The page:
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Abortion funds, including those in Florida, see surge in donations after overturning of Roe v. Wade

Crowd of people march in the middle of a city street. Some hold signs with statements like "Don't call yourself pro life if you only value certain lives."
Stephanie Colombini
A large crowd of protesters held an abortion rights rally in Lykes Gaslight Park before marching to Water Street, where the Moms for Liberty convention was taking place in a Marriott hotel.

Experts call the money pouring into reproductive rights groups an example of "rage giving." Pro-choice advocates say their next challenge is building sustained support.

Even before some states like Florida enacted laws to restrict or limit access to abortion, many people couldn’t afford one.

Federal funds, through programs like Medicaid, cannot be used to pay for the medical procedure.

Abortion funds focus on providing people with money to pay for abortions, as well as help with logistics like travel and childcare.

Debasri Ghosh is director of the National Network of Abortion Funds, which includes six partner organizations in Florida.

She says in just the first week after the Supreme Court decision was released, the organization raised $7 million nationwide.

"It really affirms for us that abortion is a winning issue,” Ghosh said. “People want and need abortion access. So, I have faith that we can continue to activate this growing base of abortion access supporters."

But Gnosh says that will take some planning because often after a specific political or cultural moment that spurs people to donate, financial giving eventually diminishes.

"We know that the media firestorm around abortion access will likely die down, it will become the new normal and the need is not going to wane at all in fact it's going to continue to ramp up,” Gnosh said. “It's going to get worse before it gets better and abortion funds are really the last line of defense for many, many communities."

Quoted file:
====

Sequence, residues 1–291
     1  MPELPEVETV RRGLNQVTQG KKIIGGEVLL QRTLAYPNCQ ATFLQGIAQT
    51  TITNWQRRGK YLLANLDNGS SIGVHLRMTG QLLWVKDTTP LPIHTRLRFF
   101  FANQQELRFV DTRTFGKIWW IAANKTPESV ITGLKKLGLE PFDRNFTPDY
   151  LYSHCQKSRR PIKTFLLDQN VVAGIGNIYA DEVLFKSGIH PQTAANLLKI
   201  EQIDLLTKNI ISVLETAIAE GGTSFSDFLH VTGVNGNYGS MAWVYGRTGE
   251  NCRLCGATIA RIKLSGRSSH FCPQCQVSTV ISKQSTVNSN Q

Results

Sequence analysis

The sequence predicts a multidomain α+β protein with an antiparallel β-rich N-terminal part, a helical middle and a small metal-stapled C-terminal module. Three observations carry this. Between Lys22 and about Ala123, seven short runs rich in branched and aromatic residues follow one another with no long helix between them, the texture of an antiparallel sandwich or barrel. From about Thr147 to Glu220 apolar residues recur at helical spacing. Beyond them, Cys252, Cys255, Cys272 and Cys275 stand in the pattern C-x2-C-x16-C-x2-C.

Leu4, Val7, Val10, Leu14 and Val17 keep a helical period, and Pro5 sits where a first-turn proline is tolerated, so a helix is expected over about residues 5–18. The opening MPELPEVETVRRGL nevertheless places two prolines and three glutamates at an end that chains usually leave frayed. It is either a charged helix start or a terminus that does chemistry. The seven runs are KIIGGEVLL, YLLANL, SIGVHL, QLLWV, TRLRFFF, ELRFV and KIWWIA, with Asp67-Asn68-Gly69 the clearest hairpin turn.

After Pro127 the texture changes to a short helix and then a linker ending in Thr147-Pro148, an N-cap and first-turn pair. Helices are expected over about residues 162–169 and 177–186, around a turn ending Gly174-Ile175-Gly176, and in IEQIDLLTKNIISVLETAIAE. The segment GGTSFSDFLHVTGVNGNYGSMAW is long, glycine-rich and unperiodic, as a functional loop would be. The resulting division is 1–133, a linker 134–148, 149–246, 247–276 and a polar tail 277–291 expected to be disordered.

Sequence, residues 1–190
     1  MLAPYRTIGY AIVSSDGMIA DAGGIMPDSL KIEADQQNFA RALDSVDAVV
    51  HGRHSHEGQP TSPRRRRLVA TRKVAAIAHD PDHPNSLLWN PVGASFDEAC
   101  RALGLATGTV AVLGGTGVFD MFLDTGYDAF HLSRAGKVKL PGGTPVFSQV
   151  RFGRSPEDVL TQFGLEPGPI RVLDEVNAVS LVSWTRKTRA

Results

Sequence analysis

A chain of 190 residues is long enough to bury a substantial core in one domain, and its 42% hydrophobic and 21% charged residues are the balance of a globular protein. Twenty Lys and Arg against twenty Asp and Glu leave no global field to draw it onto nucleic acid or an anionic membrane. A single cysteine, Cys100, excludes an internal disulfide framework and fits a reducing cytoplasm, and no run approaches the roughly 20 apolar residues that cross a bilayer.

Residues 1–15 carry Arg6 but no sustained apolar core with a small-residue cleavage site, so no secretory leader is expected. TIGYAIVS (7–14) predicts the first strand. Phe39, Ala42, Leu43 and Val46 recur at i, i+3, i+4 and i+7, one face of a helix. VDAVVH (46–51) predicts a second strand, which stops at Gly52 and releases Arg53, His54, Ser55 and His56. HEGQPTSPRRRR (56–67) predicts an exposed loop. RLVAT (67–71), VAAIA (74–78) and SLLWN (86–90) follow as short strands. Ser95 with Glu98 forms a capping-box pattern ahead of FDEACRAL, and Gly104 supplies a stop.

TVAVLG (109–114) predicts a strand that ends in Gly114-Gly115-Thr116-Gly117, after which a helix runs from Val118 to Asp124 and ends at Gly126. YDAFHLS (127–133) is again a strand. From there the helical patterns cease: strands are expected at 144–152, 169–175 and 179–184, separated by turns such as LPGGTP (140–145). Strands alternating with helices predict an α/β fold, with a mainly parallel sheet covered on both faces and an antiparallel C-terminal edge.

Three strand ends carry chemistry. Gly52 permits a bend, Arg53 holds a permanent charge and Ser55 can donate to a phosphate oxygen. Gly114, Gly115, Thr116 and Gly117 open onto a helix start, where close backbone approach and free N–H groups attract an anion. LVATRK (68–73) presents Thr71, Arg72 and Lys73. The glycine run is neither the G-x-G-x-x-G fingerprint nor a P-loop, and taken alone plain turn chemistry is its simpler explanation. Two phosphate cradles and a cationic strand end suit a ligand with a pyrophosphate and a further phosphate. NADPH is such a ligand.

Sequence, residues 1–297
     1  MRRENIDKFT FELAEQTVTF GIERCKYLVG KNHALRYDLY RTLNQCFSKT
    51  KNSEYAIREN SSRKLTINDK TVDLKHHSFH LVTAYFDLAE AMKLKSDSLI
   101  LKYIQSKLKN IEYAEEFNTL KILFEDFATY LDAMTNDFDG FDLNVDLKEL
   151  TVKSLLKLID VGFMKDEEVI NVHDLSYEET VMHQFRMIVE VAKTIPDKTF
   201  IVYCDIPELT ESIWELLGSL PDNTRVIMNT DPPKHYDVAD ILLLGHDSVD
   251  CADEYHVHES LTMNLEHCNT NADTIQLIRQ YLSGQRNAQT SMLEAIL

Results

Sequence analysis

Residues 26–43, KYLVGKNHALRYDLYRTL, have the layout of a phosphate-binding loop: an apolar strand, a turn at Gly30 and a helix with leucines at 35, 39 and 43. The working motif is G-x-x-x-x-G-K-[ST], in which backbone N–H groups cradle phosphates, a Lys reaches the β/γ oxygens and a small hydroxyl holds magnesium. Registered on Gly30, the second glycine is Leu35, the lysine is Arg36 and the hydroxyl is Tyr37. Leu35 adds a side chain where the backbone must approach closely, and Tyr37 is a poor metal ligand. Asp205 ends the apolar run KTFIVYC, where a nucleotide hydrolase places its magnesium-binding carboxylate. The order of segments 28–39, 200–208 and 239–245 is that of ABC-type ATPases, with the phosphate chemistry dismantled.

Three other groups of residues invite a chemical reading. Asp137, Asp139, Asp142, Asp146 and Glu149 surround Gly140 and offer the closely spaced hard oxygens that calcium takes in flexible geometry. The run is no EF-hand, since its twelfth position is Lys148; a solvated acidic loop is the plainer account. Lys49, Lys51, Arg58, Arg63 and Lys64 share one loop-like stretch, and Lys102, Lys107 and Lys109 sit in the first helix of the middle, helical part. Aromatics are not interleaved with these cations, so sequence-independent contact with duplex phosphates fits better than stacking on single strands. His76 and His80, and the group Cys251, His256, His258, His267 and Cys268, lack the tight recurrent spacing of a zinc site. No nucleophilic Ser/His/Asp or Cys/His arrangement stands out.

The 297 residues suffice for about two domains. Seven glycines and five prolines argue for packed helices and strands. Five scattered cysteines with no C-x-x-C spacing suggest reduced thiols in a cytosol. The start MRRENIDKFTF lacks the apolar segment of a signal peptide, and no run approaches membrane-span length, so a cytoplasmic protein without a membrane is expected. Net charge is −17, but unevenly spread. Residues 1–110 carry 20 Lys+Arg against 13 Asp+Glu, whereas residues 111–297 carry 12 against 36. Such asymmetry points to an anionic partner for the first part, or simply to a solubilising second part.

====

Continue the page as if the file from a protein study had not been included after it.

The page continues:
In Florida, reproductive rights advocacy groups say giving has also increased sharply since the passing of the state's 15-week abortion ban.

Since April, the Tampa Bay Abortion Fund has raised more than three times last year's budget to provide funding and logistical support for abortion care.

"People are angry and they make rage donations and they're so appreciated, but we're in this for the long haul and we need other people to be in for the long term too — because the need for abortions is not going away, it's only going to continue to increase,” said McKenna Kelly, a volunteer with the nonprofit group. “We really depend on recurring donations because that’s how we plan for the future.

Kelly adds that even before the fall of Roe and Florida's new law, abortion — due to its cost — has not been accessible to everyone, particularly low-income people of color.

In addition to the state's 15-week abortion ban, a law that recently went into effect after a lengthy court battle requires abortion patients in Florida to make two doctors visits to obtain the procedure. So even with the increase in donations, the group is currently not funded to help anyone that would need to travel out of state.

“So, the barriers have just gotten tougher,” Kellysaid. “But people do have options, whether that’s in Florida or out of Florida, and Tampa Bay Abortion Fund and funds like us can help you access those options."

As a reporter, my goal is to tell a story that moves you in some way. To me, the best way to do that begins with listening. Talking to people about their lives and the issues they care about is my favorite part of the job.